Google Fiber, the search giant’s internet, TV, and phone provider, has agreed to acquire Webpass to boost its deployment of high-speed internet.
“By joining forces, we can accelerate the deployment of superfast internet connections for customers across the U.S.,” Webpass’ founder Charles Barr writes in a blog post. “Webpass will remain focused on rapid deployment of high-speed internet connections for residential and commercial buildings, primarily using point-to-point wireless.”
You likely haven’t heard of Webpass before — that’s because they’re a small-time ISP, or internet service provider, that only operates in a few cities including San Francisco, Oakland, San Diego, Miami, Chicago, and Boston. Along with providing internet to businesses, Webpass offers it in residential buildings with more than 10 units. What makes them different is that they don’t require a modem — data jacks are installed at your outlets, and all you need to do is plug in an Ethernet cable from the jack to your laptop or computer and you’ll get high-speed internet access. If you want wireless service, you’ll have to purchase your own router.
The speeds you get are dependent on the building you’re in, but it will range from 100mbps to a gigabit per second. Installation is free, but the monthly plan costs $60 and an annual plan is $550.
The acquisition by Google Fiber is set to close this summer, but Google has only commented on the deal via a tweet. A source familiar to the matter tells Digital Trends that Webpass will stay separate from Google Fiber for now.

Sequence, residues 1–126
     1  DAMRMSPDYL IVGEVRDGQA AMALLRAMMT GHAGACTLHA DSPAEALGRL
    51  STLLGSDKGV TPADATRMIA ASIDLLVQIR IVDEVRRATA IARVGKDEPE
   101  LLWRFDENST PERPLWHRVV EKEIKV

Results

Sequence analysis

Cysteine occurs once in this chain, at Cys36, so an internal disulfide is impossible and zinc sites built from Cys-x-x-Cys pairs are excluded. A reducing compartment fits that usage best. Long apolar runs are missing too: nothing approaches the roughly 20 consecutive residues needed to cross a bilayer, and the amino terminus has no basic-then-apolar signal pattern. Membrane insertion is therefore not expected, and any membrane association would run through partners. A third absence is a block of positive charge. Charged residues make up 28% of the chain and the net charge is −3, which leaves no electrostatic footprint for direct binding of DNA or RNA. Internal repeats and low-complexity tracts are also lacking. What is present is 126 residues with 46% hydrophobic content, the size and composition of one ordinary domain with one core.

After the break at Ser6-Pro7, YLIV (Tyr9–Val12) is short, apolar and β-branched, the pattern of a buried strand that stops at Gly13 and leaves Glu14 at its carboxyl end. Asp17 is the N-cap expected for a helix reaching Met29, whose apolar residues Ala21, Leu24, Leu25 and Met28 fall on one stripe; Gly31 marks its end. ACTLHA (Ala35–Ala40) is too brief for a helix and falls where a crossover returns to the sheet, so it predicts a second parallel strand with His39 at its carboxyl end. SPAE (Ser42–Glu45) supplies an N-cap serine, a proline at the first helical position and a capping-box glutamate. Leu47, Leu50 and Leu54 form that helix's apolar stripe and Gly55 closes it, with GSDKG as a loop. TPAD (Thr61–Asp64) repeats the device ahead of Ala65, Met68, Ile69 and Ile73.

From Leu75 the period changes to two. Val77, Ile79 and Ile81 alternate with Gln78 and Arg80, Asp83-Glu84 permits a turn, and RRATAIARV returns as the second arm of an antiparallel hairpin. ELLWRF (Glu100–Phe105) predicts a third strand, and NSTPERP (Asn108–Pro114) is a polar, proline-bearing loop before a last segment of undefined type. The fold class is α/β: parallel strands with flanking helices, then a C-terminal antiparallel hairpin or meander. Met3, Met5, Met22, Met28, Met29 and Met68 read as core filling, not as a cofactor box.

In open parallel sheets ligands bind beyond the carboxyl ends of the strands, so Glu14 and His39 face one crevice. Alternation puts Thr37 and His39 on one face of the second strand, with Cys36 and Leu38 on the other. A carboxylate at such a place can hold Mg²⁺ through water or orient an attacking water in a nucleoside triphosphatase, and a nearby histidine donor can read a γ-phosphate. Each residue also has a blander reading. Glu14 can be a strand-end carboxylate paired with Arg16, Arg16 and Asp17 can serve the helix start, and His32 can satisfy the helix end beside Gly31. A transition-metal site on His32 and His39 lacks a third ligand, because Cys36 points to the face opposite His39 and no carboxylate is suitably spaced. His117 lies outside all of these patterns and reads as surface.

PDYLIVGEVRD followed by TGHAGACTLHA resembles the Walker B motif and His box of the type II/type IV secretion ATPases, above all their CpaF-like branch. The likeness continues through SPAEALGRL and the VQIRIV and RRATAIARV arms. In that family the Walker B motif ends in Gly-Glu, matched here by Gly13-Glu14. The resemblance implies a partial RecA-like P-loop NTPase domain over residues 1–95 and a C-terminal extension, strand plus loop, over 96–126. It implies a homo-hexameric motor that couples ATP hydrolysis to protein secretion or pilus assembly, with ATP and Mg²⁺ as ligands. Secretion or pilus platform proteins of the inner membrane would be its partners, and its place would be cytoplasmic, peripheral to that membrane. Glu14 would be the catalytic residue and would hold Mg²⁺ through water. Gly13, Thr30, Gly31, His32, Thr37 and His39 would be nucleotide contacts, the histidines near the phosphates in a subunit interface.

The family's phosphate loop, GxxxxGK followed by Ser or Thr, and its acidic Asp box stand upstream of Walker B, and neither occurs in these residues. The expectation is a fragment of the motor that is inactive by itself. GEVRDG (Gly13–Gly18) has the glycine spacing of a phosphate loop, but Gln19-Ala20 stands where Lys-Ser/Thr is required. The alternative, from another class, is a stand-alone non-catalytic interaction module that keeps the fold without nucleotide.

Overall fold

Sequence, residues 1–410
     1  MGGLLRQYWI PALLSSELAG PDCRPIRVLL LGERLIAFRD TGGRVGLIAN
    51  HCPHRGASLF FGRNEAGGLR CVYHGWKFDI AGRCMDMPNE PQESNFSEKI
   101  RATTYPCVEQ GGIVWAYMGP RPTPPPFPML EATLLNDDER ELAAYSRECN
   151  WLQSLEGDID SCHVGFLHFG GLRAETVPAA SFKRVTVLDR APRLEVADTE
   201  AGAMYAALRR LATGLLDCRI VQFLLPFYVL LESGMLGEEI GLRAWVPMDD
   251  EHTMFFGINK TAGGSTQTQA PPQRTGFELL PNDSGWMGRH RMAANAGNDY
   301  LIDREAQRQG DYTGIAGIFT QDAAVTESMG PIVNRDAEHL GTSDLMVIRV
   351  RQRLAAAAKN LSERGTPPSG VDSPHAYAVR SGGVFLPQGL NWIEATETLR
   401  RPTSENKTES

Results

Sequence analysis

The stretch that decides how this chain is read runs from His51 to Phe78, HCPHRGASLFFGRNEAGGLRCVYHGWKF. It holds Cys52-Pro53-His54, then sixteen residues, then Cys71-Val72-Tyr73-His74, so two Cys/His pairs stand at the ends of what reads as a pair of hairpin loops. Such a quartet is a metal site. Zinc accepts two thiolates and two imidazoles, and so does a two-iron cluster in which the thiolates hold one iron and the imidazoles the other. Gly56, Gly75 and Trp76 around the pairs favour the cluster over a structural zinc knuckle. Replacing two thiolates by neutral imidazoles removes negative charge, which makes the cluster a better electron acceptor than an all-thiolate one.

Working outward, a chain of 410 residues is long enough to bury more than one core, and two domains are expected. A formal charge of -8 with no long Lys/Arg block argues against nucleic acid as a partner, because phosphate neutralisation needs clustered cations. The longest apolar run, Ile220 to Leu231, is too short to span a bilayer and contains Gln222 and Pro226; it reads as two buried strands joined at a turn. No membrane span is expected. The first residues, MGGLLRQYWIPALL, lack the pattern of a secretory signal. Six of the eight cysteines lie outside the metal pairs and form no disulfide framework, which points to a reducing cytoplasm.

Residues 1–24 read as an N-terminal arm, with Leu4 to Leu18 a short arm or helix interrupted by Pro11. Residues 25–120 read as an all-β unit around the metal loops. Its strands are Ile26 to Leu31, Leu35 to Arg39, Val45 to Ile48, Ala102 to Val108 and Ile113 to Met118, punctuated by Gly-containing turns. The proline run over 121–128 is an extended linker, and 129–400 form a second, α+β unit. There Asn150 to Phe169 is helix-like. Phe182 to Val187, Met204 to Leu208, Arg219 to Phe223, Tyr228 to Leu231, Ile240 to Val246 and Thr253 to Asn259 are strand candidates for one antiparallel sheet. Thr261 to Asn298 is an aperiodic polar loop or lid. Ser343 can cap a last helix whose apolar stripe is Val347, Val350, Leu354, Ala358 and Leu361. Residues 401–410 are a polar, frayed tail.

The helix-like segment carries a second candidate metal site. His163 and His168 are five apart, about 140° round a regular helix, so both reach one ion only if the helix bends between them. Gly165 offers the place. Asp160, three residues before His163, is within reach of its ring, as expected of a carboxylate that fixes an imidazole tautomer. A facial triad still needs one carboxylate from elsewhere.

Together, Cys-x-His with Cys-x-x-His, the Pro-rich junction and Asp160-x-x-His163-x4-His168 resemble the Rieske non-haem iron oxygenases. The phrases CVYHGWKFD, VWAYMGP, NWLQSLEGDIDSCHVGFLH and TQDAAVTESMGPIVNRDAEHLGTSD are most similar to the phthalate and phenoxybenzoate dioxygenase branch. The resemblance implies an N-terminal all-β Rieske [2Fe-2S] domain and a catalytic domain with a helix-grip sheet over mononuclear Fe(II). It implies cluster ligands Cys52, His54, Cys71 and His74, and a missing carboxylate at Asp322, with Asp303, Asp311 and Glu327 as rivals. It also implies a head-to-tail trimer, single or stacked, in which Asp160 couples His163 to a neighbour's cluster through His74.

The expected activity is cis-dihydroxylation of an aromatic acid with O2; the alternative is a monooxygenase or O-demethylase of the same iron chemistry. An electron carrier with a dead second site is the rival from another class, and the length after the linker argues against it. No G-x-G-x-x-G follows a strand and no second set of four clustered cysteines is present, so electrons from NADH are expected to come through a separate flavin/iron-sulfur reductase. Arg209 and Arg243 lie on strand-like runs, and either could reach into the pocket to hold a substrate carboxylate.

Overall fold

“Today, Webpass has tens of thousands of customers across five major markets in the U.S., and we hope to reach many more in our next chapter with Google Fiber,” Burr writes. “Webpass will continue to grow its service in current operational cities of San Francisco, Oakland, Emeryville (California), Berkeley, San Diego, Miami, Miami Beach, Coral Gables (Florida), Chicago, and Boston, adding to Google Fiber’s growing list of operational cities.”
Google Fiber is currently available in major cities such as Kansas City, in both Missouri and Kansas; Austin, Texas; Atlanta, Georgia; and more. You’ll find names of all the available cities here, as well as prospective cities the company is considering expansion into, including Chicago and Dallas.
At a recent shareholder’s meeting of Google’s parent company, Alphabet, Inc. Chairmain Eric Schmidt unveiled plans to test wirelessly beaming internet into people’s homes — without the need to dig “up your garden” to lay fiber cables. All that would be required is a device in the home to receive wireless signals, but the speeds would match Google Fiber’s promise of a gigabit per second.
The Webpass acquisition deal positions Google to grow faster as an ISP — and that’s good for Google. More people on high-speed internet means potentially more users for Google services.
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